Six survived. I named them all. My favorite was Martha who followed me around like a puppy....well, until a distinctly passionate sermon about baptism. (My mother wondered why the chickens ceased laying for a few weeks until I confessed I had made use of the horse trough in my desire to ensure heaven's acceptance of my feathered friends...ah, but that is another tale)
Now I have decades behind me of rescuing. Sometimes kittens, sometimes people. Furniture and coat racks and long forgotten paintings left in dark webby corners of old attics. I almost feel they have voices, crying out to be wanted....by anyone.
At times I fear this has been just my own projection...as I have felt the same so often. I think most of us are created with this need to love...and be loved. It's an ache that lies beneath the very foundation of our soul. It causes us to be reckless, to dash headlong into madness flinging our reservations away as we pursue it. And somehow, despite the catastrophes of the heart these ardent passions create.....after the anguish, we seek to be desired once more.
Did the antique desk with the book shelf attached call my name as we passed it lonely on the sidewalk, its legs cracked and broken? Perhaps. Perhaps I just saw myself in it. Last summer in the August heat, I bent over it, sawdust sticking to my arms and back as I smoothed out the edges with sandpaper, removing the bubbled finish. I rubbed walnut warmth back into the old panels, stain tinging my my fingers. Carefully I cleaned the tarnish from the hinges and returned them to their divots. My husband glued the legs back together and crouched in the grass, I covered the glue with pigment, masking the defects from all but the closest of inspections.
It now rests in the corner of our attic library. A decanter of whiskey, several bottles of wine, and a selection of glasses fill its shelves. Guests have marveled at it, amazed such a grand piece could be left out for rubbish. In the same room is the poker table I made from the neighbor's weathered discard; the end console I resealed holds the chess set smuggled home from Guatemala wrapped in my suitcase clothing. As I sit in the quiet, surrounded by hundreds of old books I've amassed, the room seems almost to breathe....the serenity tangible.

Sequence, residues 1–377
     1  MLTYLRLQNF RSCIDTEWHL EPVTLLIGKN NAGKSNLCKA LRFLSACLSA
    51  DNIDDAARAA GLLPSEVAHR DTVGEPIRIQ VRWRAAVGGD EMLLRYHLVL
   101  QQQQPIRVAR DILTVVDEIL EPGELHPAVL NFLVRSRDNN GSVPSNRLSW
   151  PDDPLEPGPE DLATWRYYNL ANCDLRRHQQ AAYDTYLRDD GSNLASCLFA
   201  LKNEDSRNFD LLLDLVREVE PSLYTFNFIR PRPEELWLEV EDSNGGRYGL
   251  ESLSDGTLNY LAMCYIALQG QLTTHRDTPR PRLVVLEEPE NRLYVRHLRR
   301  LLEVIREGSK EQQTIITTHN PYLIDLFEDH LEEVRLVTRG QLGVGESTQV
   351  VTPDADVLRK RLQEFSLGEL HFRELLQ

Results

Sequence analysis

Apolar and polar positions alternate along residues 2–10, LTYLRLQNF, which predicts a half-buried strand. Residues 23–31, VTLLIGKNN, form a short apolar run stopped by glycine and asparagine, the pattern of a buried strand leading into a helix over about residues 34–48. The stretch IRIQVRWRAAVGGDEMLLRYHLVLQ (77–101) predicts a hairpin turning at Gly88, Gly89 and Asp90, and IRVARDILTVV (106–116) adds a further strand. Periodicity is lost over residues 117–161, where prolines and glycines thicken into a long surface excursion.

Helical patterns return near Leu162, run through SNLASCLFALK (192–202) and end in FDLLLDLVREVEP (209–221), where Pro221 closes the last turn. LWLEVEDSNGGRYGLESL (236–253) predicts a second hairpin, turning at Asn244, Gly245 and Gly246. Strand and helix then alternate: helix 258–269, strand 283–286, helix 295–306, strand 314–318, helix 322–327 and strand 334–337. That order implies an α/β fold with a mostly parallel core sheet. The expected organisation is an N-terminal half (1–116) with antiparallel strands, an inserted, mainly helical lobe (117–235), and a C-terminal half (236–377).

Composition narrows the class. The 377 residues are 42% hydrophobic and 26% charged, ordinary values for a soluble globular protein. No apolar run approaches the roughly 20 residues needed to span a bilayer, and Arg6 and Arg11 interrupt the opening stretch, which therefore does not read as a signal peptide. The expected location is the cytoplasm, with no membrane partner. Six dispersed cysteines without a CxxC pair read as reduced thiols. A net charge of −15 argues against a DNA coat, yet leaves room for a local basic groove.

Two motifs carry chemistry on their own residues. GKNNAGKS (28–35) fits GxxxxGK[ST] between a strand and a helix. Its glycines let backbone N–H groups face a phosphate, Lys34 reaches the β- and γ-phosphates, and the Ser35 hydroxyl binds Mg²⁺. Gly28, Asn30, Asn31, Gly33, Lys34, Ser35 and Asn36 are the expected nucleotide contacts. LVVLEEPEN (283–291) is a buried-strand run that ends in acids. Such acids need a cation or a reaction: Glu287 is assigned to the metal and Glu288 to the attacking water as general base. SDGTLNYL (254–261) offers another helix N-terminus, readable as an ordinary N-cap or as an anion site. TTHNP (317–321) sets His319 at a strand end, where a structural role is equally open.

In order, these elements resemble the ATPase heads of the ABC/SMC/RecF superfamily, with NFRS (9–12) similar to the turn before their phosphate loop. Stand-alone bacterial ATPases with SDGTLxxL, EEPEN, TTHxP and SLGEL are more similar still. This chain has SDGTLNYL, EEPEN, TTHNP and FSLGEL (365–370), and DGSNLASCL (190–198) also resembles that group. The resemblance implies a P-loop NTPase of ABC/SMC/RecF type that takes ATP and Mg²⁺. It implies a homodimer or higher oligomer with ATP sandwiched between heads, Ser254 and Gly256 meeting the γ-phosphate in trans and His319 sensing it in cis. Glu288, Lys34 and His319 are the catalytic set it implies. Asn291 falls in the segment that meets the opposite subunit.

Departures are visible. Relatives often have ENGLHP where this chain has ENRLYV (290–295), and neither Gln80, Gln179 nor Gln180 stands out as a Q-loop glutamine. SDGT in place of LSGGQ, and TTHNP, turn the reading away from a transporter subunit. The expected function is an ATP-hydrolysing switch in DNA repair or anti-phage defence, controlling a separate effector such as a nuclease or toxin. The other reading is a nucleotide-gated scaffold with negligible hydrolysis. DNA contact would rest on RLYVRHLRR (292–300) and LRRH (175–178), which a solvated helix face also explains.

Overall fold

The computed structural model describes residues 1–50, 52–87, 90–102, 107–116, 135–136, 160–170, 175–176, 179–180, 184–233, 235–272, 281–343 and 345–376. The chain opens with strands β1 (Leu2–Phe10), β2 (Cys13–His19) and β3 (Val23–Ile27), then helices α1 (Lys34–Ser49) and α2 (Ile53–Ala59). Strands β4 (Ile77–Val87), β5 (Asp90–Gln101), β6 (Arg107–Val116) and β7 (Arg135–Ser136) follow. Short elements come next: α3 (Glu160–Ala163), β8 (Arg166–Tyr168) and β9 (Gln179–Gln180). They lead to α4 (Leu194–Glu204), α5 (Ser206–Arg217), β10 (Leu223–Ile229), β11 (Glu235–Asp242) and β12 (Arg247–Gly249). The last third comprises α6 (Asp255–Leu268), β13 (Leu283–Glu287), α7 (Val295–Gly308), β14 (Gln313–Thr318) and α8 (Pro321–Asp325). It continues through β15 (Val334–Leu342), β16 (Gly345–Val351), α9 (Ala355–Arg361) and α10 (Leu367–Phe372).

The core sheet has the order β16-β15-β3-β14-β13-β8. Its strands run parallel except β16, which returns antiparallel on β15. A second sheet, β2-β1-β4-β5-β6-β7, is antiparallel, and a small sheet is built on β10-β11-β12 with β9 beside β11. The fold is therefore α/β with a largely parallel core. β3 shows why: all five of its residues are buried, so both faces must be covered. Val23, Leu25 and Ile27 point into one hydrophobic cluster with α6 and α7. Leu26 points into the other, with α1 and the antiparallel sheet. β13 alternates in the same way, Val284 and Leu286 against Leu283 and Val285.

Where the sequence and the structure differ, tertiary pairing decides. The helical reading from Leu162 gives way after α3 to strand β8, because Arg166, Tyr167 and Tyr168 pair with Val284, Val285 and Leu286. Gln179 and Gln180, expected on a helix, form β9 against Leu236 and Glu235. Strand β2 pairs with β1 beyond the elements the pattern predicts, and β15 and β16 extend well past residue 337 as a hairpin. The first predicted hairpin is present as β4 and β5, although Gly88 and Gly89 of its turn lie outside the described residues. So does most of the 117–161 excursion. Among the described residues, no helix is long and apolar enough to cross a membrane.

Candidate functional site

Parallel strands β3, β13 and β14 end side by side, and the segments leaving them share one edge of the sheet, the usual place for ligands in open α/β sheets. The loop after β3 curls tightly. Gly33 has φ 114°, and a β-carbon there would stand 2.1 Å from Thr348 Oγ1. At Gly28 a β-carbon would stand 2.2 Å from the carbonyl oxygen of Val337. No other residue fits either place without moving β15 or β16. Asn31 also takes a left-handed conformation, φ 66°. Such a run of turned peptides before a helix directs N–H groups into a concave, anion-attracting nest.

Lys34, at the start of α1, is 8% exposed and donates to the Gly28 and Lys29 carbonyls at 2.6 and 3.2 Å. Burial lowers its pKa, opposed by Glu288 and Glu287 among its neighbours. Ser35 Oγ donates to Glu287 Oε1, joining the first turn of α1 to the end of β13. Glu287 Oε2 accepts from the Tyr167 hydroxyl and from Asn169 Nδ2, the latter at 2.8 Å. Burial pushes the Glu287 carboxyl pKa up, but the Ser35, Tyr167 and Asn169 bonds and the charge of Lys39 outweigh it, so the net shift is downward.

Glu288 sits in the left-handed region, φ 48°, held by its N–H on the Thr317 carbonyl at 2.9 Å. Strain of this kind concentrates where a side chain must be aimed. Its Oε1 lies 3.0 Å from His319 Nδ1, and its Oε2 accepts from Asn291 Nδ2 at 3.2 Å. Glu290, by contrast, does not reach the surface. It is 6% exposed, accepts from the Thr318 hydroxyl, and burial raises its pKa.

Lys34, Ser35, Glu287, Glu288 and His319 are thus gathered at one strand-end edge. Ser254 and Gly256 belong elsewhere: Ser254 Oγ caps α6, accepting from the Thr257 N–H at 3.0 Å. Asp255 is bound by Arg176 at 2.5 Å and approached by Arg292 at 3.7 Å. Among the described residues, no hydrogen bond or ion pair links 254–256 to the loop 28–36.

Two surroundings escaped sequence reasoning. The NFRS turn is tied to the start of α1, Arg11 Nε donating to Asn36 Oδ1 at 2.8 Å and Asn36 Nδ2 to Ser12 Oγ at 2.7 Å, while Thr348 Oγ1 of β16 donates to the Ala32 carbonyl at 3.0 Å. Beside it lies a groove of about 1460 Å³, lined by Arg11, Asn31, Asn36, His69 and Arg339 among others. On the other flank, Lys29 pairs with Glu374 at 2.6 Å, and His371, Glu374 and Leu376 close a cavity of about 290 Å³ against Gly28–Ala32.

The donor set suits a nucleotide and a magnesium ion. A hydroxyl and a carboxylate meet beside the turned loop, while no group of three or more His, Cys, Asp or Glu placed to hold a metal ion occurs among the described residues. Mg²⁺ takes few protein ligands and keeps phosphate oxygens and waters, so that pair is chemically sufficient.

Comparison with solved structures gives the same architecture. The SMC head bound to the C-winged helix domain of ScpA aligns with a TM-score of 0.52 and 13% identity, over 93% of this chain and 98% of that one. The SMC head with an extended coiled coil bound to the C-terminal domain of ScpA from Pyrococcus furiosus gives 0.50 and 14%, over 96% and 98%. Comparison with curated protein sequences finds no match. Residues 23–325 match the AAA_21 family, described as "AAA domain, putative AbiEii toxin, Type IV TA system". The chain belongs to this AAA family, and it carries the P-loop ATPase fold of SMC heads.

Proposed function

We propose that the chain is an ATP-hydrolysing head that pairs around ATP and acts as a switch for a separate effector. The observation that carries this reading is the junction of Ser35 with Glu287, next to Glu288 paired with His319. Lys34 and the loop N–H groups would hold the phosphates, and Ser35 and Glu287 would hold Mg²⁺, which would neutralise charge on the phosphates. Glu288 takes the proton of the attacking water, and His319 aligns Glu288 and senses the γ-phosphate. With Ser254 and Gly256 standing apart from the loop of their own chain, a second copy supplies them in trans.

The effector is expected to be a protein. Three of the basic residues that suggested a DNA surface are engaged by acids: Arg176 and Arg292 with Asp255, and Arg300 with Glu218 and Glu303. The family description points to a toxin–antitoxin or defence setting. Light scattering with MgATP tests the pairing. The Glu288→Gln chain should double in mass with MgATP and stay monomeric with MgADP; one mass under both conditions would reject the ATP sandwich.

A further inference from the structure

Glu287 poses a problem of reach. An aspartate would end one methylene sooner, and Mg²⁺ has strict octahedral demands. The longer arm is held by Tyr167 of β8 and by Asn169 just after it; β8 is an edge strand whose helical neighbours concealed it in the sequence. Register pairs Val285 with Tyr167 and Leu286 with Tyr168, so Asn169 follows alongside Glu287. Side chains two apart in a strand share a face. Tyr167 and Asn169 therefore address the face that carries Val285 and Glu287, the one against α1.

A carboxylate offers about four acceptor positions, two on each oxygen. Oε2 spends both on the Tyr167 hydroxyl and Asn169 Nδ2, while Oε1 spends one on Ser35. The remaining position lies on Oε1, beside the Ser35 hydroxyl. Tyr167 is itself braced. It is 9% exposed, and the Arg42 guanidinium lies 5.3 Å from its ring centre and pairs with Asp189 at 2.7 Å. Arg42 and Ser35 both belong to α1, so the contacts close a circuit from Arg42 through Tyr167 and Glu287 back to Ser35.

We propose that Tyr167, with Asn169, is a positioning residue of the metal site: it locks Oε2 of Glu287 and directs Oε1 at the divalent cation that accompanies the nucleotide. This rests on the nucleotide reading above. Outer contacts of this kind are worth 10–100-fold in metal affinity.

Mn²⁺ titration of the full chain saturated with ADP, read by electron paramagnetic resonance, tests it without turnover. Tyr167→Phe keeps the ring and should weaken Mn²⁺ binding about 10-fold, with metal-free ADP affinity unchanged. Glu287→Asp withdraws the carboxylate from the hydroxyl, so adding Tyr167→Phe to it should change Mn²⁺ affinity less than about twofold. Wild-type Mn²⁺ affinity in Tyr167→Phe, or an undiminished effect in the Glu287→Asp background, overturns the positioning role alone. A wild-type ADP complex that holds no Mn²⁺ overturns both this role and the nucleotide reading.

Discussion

Once more, they are wanted.
Tuesday, March 6, 2012
Sometimes I have thoughts I would never admit to anyone. Not necessarily because I'm afraid or they're horrible thoughts--just that they are so out of character for me, so far from who the world knows me to be.
This week I was headed for work. (I've picked up something a few days a week as my studio is as frigid as a witch's t....ah yes, you can fill in the blank there. Needless to say, no painting is possible.) And on that journey downtown, I pass several piles of blankets-o-homeless. The carefully assembled, mindfully arranged mountain of cloth indicating a slumbering soul beneath the overpass. This week....I envied them.